In this particular case I was wrong for giving up. Listening to a clean version of a Das Efx song is different than trying to listen to a clean version of “Murder” by UGK. There are certain rappers that curse so often that censoring the curses leaves too many gaps for the listener to fill. My best friend Sam put the clean version of Capone-N-Norega’s War Report on my phone, and the pauses were so numerous and frequent that I had to turn the album off while I cursed Sam off in my head for what I perceived as a cruel joke. Das Efx doesn’t suffer from this fate: their curses are infrequent and the breaks and cuts used to cover curses actually sound pretty good. I finally decided to give the album another shot a few years ago and was shocked that I immediately forgot the songs were edited, and got swept up in their sound once I stopped looking for edited curse words.
Skoob heard KRS-One say, “they want effects,” and instantly knew that’d be the hook for the song. Other than Wu-Tang, I can’t think of another rap group that just said, “fuck making hooks, I’m either going to sample a line or forgo the chorus.” This is a great thing that could have saved us a lot of boring hooks if more groups/rappers adopted this method for a chorus.
Think about how creative and interesting your voice and delivery have to be to make these lines work in not just a song but a worldwide single:
“My waist bone’s connected to my hip bone
My hip bone’s connected to my thigh bone
My thigh bone’s connected to my knee bone
My knee bone’s connected to my hardy-har-har-har”
It’s not all about jokes and pop culture references: okay it’s always about pop culture references but Das Efx can sound hard too. “A-Blitz shoots the breeze, twiddly-dee shoots his lip/Crazy Drayzie shot the sheriff yup, and I shot the gift.” Now that’s not a hard line in the Kool G Rap sense, but go listen to the line in the song and tell me it doesn’t give you that fearless, I’m-better-than-you vibe that the hardest rap instills in you.
What is the most important cultural moment for “They Want Efx?” In the 24th episode of the 2nd season of Beverly Hills 90210, future radio host/rapper David Silver (played by Brian Austin Greene) is relaxing in a lounge chair, listening to his Walkman as he raps along to Das Efx’s breakout single. “But I can fe-fi or fo, diddly-bum, here I come/So Peter Piper, I’m hyper than Pinocchio’s nose/’Cause I’m the supercalafragilistic tic-tac pro/I gave my oopsy, daisy, now you’ve got the Crazy I’m Crazy with the books” Poor David Silver is about to rap through the entire verse, before Steve Sanders comes over in a AC Slater style tank top and, without asking, turns off Das Efx and tells David “we have to talk business”. This is a very important footnote to the history of the group’s biggest single and should be treated as such.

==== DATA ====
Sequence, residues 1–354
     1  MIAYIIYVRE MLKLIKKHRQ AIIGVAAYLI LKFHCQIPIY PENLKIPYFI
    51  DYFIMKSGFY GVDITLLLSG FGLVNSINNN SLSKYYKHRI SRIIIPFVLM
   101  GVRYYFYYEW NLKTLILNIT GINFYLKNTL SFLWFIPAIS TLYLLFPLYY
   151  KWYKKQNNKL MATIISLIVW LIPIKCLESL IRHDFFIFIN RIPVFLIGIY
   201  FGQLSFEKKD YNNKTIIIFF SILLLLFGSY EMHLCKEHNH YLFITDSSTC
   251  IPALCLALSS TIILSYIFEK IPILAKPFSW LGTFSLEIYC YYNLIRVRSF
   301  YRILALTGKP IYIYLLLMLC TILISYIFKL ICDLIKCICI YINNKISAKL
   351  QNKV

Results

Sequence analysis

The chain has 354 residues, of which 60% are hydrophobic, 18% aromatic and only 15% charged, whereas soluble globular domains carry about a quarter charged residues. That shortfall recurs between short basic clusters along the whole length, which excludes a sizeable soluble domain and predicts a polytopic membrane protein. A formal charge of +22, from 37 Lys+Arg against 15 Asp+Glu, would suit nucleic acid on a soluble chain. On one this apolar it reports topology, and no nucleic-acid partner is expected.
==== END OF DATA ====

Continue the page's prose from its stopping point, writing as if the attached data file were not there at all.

“Looseys” – Das Efx holds the honor of being the first (only?) group to rap about having to take a shit in public. In the days where all rappers were too cool for school, this humorous take on a very relatable situation must’ve been a breath of fresh air. In hip-hop it takes big guts to rap about different subjects and situations, and not be afraid to make yourself the center of the joke.
For the fourth straight track, Das Efx samples a rapper for the hook, using a line from Special Ed’s “Hoedown” song, and again the decision pays off. This song has maybe my favorite sequence on the whole album, “I scored 26, I caught a fake and now I’m outty/I’m takin it to the hoop and then this kid tried to foul me/Boom to the gutter, I hit the floor, I wanted to flip/I couldn’t, damn, all of a sudden I had to shit.” Having to shit in the middle of a basketball game when you have 26 points (what were they playing to, first to 50?) is funny, but I’m more impressed that Skoob didn’t settle for a contested midrange jumper, instead opting to take contact and go for the more efficient shot at the rim. Dray and Skoob have the same chemistry in songs that a point guard and center have after doing thousands of pick and rolls: if I don’t point out the basketball and Beverly Hills 90210 references than no one will.
Solid Scheme produces every song on Dead Serious, except “They Want Efx” and “Klap Yo Handz,” which ironically are my two favorite beats on the album. Solid Scheme (Chris Charity and David Lynch) did an incredible job producing this project: they put different spins on samples and concepts we’ve already heard. There’s an unfounded rumor that EPMD ghost produced the album since they discovered the group and have the Executive Producer label on the album. The production shares some qualities with EPMD’s early 90’s work and it’s common practice in hip-hop for the master to help his protégé: 50 Cent “giving half of his sophomore album” to Game, D.O.C. writing Doggystyle or Dr. Dre allegedly ghost producing Eminem’s beats. This is not the case here: these beats have their own flavor and are plain better than any 90’s EPMD project. Had EPMD came up with these beats they would’ve kept them for themselves.